Skip to content

February 2009

In Defense of Motherhood: Because Apparently I’m Under Attack

I’m a bad mother. I don’t beat my children, I don’t neglect them; they aren’t particularly indulged nor are they coddled. According to the latest research, I’m a bad mother.

The University of Whosiewhatsis has a brand new research study declaring that mothers who [fill in the blank] raise children who [fill in the blank]. I would quote the study for you, but I’m really quite busy with Little League, book club, homework, cooking and volleyball. I’m too busy raising my children to spend an inordinate amount of time reading about my multiple failures as a mother. You however, Mr. Masters of Public Humiliation (MPH), seem to have a lot of time on your hands.

It’s open season on motherhood, and I, for one, am tired of it. I understand that there are books to sell, and advertisers who want to see a splash, but I’m opting out. I have ten years of expertise on child rearing and I’ve come to a very important realization. I know the secret of motherhood.

We love our children.

We don’t love our children like we love our parents, our girlfriends or our husbands. We love our children with a passion, a reverence, and a depth that only another mother can comprehend. If we adopt, plan, are surprised by, or implant our babies, they come to us helpless, unable to even control their heads and an instinct takes over that allows us to perform superhuman feats in order to nurture our babies.

Sometimes getting dinner on the table is superhuman. The fact that I can create a meal that includes less than four canned goods, one organic something green and less than a cup of salt, is often nothing short of miraculous.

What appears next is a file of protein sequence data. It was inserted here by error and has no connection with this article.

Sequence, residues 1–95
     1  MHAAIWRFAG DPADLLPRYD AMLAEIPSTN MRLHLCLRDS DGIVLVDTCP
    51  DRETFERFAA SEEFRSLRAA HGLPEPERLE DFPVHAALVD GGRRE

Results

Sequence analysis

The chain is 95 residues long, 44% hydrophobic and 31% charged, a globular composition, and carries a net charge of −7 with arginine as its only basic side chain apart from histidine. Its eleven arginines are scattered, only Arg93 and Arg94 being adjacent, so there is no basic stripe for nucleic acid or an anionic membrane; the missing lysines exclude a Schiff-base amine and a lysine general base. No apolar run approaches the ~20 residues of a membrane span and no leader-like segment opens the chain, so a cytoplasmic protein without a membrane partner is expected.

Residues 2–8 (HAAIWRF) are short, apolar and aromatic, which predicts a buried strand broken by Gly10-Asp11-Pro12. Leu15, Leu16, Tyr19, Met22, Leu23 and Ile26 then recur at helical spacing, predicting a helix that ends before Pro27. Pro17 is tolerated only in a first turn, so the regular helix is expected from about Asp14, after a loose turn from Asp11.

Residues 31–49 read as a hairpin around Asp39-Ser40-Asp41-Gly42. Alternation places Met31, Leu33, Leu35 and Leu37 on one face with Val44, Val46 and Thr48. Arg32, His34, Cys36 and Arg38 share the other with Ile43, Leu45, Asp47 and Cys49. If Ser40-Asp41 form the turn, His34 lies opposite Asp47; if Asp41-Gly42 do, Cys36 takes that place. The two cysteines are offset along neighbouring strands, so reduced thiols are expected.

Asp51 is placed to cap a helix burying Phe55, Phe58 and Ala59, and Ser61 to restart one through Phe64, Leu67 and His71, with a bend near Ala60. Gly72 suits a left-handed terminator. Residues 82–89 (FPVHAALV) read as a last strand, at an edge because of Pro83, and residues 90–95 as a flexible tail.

When my mother was pregnant there was one book. Dr. Spock had an all inclusive “how to” book, but what he preached in the 1970’s was listening to your baby and to your own voice. In the last decade or so there has a tremendous amount of research regarding infancy, toddlerhood and the school aged years. Mothers everywhere are being told that their every instinct is wrong.

It’s not wrong.

If your baby is crying and you want to pick your baby up, please pick him up.
If your baby is crying at night and you think you want to let them cry it out, please do.
If your baby is crying at night and you’d like to nurse him, please do.
If your toddler is pitching a fit on the floor of the mall and you want to wait it out, good for you.
When your daughter sucks her thumb it’s because she can comfort herself.
When your son wears his Halloween costume in May I am hopeful and entertained.
When you use the child care at the gym, skip the workout and sit in the sauna, you are still a good mother.

I know child development. I know it from an academic lens, and I know it from the expert lens. The expert lens is Mommy-hood, there is little about a laboratory that makes you expert at parenting. The only expert on your child is you. When I see you holding your child, either in your arms or in your gaze, I know that you, Mom and Dad, are the only experts in your home.

Guess what? We’re all doing it wrong. Because we’re all doing it our
own way, and it’s not always going to match the way you think it works
best. And just like pretty much all of life, we’ll get there somehow.
Thanks for sharing your opinion. Glad you got that off your chest.
Chris Brogan (not a Mom)